Is the Animal Lawful to Eat If a Slaughtering Knife Wasn’t Sharp Enough?

Shafi'i Fiqh

Answered by Shaykh Irshaad Sedick


My father is new to slaughtering animals. He’s tried only chickens so far. He sharpened the knife, said he didn’t know how to get it sharper, and slaughtered a chicken, but he had to slice at the throat multiple times, and it wasn’t one clear cut. Is the chicken still halal?

He has slaughtered subsequent chickens, and the same problem has occurred. He is unsure what he is doing incorrectly because he assumes that doing it correctly would not require multiple swiping of the throat.


In the Name of Allah, the Most Merciful and Compassionate.

May Allah alleviate our difficulties and guide us to what pleases Him. Amin.

As long as the required pipes (windpipe and gullet) were severed before the animal died, consuming is permissible, and Allah knows best.

Cutting-Utensil Requirements for Animal Sacrifice and Slaughter

It is permissible to slaughter a suitable animal with any utensil with a cutting edge, but not a tooth, bone, or claw, whether human or otherwise, and whether or not it is attached to the body. [Nawawi, al-Majmu‘]

Mercy towards the Creation of Allah

The Sunna teaches us to be merciful to animals and to sharpen the blade. Shaddad Ibn ‘Aws (Allah be pleased with him) said:

Two are the things which I remember Allah’s Messenger (Allah bless him and give him peace) having said: Verily Allah has enjoined goodness to everything; so when you kill, kill in a good way, and when you slaughter, slaughter in a good way. So you should sharpen his knife and let the slaughtered animal die comfortably. [Muslim]

Conditions for a Valid Slaughtering Procedure

The necessary condition for slaughtering any animal within one’s capacity to slaughter (domesticated or wild) is to cut both the windpipe and the gullet (windpipe meaning the channel of breath, and gullet meaning the channel of food and drink which lies beneath the windpipe… [Nawawi, al-Majmu‘]

It is not necessary for the validity of slaughtering to cut the carotid arteries, which are two blood vessels on the sides of the neck encompassing the windpipe. [Ibid.]

Suppose the slaughterer neglects to cut any part of the windpipe or gullet, and the animal dies. In that case, it is considered an unslaughtered dead animal and, therefore, unlawful to consume. In other words, if it is an animal with nothing but purely reflexive movement left when one finishes cutting a part of the windpipe or gullet previously missed. [Ibid.]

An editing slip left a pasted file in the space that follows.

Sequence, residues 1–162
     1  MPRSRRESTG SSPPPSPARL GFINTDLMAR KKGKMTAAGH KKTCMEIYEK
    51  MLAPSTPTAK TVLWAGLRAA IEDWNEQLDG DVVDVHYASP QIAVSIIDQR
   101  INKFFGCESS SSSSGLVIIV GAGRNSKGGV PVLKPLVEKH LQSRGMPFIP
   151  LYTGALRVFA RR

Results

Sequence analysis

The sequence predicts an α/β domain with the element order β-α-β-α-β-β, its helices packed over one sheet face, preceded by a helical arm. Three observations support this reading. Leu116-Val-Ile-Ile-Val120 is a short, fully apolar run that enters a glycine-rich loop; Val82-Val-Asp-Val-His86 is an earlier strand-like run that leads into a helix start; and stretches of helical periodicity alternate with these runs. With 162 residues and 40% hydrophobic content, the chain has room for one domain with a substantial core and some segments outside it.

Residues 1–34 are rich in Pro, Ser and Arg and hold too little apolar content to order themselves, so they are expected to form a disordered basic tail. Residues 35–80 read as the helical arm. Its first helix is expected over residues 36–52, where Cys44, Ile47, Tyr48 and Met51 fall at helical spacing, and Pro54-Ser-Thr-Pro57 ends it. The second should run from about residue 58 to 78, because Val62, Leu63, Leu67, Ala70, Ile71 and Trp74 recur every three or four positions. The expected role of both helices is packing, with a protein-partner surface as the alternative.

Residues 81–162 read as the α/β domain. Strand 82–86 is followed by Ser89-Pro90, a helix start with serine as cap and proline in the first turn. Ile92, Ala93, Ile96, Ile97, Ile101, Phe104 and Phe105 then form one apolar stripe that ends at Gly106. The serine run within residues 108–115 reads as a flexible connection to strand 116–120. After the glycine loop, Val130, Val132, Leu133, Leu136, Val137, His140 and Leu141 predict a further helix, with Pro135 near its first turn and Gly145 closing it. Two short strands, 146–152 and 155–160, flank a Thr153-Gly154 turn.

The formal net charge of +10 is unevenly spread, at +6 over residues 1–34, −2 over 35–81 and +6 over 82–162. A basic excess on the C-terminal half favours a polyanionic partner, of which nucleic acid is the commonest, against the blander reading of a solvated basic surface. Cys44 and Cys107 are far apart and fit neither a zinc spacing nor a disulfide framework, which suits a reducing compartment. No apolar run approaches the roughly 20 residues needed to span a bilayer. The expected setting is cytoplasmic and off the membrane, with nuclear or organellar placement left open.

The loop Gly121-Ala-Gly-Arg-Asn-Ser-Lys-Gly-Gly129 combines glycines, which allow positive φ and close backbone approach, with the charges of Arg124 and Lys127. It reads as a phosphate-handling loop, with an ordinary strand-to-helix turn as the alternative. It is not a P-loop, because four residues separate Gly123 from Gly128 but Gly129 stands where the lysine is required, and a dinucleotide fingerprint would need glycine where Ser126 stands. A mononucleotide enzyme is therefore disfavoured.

If the slaughterer cuts from the back of the neck until he severs the windpipe and gullet, it is a sin because of the excess pain caused  (though it is valid as slaughtering. Chopping off heads of chickens with a hatchet is offensive, though the meat is lawful). [Ibid.]

The slaughterer should cut swiftly and not take his time such that he must cut twice or more times. If he does, and there is no life remaining in the animal on the second swipe, then the animal (has died unslaughtered and) is impermissible to eat. The determining factor is whether life remains in the animal when the knife is applied at the beginning of the last stroke (the one which successfully severs both the windpipe and gullet), no matter whether this is the second or third). And Allah knows best. [Ibid.]

I pray this is of benefit and that Allah guides us all.
[Shaykh] Irshaad Sedick
Checked and Approved by Shaykh Faraz Rabbani

Shaykh Irshaad Sedick was raised in South Africa in a traditional Muslim family. He graduated from Dar al-Ulum al-Arabiyyah al-Islamiyyah in Strand, Western Cape, under the guidance of the late world-renowned scholar Shaykh Taha Karaan.

Shaykh Irshaad received Ijaza from many luminaries of the Islamic world, including Shaykh Taha Karaan, Mawlana Yusuf Karaan, and Mawlana Abdul Hafeez Makki, among others.

He is the author of the text “The Musnad of Ahmad ibn Hanbal: A Hujjah or not?” He has served as the Director of the Discover Islam Centre and Al Jeem Foundation. For the last five years till present, he has served as the Khatib of Masjid Ar-Rashideen, Mowbray, Cape Town.

Shaykh Irshaad has thirteen years of teaching experience at some of the leading Islamic institutes in Cape Town). He is currently building an Islamic online learning and media platform called ‘Isnad Academy’ and has completed his Master’s degree in the study of Islam at the University of Johannesburg. He has a keen interest in healthy living and fitness.